Multiple Sclerosis and Related Disorders, Vol 122. Handbook of Clinical Neurology

  • ID: 2690465
  • Book
  • 736 Pages
  • Elsevier Science and Technology
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Multiple Sclerosis (MS) is generally understood to be an inflammatory autoimmune disease of the central nervous system.  While we still are not certain of the root cause of MS, research results suggest that unknown environmental factors and the presence of specific genes seem the most probable targets.  MS causes an inflammatory response in the central nervous system leading to neurodegeneration, oligodendrocyte death, axonal damage, and gliosis. Over the past five years ongoing research has greatly expanded our understanding of the pathogenesis of MS, detailed insight into the epidemiology and genetic factors related to MS, the introduction of new technologies and tests to better diagnose and predict the future course of the disease and the introduction of new treatments targeting MS.  This collection of review chapters provides a comprehensive reference into the science and clinical applications of the latest Multiple Sclerosis research and will be a valuable resource for the neuroscience research community and the clinical neurology community of researchers and practitioners.

  • A comprehensive tutorial reference detailing our current foundational understanding of Multiple Sclerosis
  • Includes chapters on key topics including the genetics of MS, MRI imaging and MS, and the latest treatment options
  • Each chapter is translational and focuses on current research and impact on diagnosis and treatment options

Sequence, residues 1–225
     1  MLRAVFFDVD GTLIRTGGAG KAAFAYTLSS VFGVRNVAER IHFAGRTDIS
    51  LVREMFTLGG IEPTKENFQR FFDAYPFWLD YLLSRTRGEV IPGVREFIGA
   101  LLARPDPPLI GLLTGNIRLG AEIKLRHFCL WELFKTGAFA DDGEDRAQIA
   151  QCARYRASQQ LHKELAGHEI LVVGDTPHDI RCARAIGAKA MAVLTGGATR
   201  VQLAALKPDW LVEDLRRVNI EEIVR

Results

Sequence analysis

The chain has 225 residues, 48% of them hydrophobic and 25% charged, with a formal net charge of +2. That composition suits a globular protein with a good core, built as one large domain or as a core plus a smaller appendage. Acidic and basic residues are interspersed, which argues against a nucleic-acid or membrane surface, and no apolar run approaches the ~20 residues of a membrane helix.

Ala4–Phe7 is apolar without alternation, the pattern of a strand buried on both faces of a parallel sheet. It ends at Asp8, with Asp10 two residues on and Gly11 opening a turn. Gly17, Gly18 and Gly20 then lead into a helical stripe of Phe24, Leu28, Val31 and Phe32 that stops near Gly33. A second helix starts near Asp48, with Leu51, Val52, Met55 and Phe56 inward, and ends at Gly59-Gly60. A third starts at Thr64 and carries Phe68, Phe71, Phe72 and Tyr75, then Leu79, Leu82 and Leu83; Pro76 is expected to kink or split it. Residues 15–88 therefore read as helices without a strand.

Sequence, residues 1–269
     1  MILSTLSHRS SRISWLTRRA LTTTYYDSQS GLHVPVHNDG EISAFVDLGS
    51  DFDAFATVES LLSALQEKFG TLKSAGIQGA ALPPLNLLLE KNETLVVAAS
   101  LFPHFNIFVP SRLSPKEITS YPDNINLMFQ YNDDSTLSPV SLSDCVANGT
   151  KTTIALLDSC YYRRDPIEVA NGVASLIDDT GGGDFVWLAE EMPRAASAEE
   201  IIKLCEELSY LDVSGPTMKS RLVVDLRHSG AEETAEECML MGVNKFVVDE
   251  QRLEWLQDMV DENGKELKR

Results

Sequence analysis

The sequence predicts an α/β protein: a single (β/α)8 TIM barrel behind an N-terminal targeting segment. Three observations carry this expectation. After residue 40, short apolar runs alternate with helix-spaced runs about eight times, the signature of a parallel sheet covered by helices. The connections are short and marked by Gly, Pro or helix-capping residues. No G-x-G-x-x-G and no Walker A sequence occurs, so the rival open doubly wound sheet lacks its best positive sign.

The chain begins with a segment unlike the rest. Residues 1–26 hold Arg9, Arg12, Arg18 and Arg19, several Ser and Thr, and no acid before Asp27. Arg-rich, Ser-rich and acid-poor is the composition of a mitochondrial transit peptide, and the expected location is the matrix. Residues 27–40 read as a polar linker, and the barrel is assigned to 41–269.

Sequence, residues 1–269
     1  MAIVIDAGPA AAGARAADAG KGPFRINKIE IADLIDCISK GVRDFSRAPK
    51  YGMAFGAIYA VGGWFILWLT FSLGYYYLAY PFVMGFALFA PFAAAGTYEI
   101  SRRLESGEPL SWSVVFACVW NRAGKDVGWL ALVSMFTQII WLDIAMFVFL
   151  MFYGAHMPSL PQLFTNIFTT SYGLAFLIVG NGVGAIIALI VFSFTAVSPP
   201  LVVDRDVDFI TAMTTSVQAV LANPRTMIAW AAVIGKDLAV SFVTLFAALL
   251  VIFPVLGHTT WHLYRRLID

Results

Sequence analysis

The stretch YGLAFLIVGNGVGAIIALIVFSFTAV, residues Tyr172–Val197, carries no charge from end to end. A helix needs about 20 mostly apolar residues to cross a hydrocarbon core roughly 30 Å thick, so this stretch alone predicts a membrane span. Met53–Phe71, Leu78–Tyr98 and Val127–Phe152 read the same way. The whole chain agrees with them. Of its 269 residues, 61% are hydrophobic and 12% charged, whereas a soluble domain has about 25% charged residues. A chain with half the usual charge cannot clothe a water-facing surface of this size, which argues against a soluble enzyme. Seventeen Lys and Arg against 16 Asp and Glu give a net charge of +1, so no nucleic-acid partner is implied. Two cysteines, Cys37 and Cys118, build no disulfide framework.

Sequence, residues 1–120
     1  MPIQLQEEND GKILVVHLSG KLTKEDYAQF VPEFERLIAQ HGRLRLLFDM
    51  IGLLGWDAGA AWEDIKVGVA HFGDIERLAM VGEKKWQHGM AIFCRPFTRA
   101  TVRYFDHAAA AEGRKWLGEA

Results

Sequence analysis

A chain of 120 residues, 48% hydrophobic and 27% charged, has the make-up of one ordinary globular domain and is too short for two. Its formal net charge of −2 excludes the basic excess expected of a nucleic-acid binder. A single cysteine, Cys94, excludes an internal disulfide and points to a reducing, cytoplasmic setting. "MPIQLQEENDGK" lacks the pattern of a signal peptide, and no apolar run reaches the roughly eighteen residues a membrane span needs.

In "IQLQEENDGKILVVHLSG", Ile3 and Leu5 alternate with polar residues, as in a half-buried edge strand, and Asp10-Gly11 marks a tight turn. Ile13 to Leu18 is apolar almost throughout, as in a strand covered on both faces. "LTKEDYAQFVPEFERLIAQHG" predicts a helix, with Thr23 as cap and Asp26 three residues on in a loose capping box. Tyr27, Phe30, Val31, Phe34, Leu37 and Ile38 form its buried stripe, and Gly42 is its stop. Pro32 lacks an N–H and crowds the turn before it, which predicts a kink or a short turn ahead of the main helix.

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Section 1 Pathogenesis 1. Immune regulation of multiple sclerosis   2. Neuropathology of MS  3. The good and the bad of neuroinflammation in multiple sclerosis  4. Demyelination in multiple sclerosis  5. Axonal loss in multiple sclerosis: Causes and mechanisms   6. Insights from magnetic resonance imaging  7. Infections and multiple sclerosis  8. The experimental autoimmune encephalomyelitis (EAE) model of MS: utility for understanding disease pathophysiology and treatment

Section 2 Epidemiology and genetics 9. Multiple sclerosis genetics  10. Genetics of primary progressive multiple sclerosis  11. The epidemiology of multiple sclerosis: insights to disease pathogenesis

Section 3 Diagnosis and disease course 12. Multiple Sclerosis: Diagnosis, differential diagnosis and clinical presentation  13. MRI mimics of multiple sclerosis  14. Diagnosis of multiple sclerosis  15. Clinical course of multiple sclerosis  16. Early prognosis of multiple sclerosis  17. Clinical outcome measures in multiple sclerosis  18. MRI outcomes in the diagnosis and disease course of multiple sclerosis   19. Multiple sclerosis in children

Section 4 Treatment 20. Clinical trials in multiple sclerosis  21. Glucocorticoid treatment of multiple sclerosis  22. Disease modifying agents in multiple sclerosis  23. Immunosuppressive treatments in multiple sclerosis  24. Symptomatic treatment and management of multiple sclerosis  25. Future treatment approaches to multiple sclerosis 

Section 5 Other demyelinating diseases 26. Neuromyelitis optica (Devic's syndrome)  27. Acute disseminated encephalomyelitis and other inflammatory demyelinating variants  28. Acute inflammatory myelopathies 

Section 6 Capita selecta 29. Clinical neurophysiology of multiple sclerosis  30. Cerebrospinal fluid analysis

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Goodin, Douglas S.
Dr. Douglas Goodin, director of the Multiple Sclerosis Center at UCSF Medical Center, is a neurologist and an internationally renowned expert in the treatment and research of multiple sclerosis.. He earned a bachelor of sciences degree in genetics and biochemistry at the University of Washington in Seattle; a master of sciences degree in molecular biology at Purdue University in Indiana; and a medical degree from the University of California, Irvine. He completed a residency in neurology at UCSF where he joined the medical center staff in 1982. In addition to multiple sclerosis, Goodin's research interests include various forms of dementia. Goodin also is a professor of neurology at UCSF.
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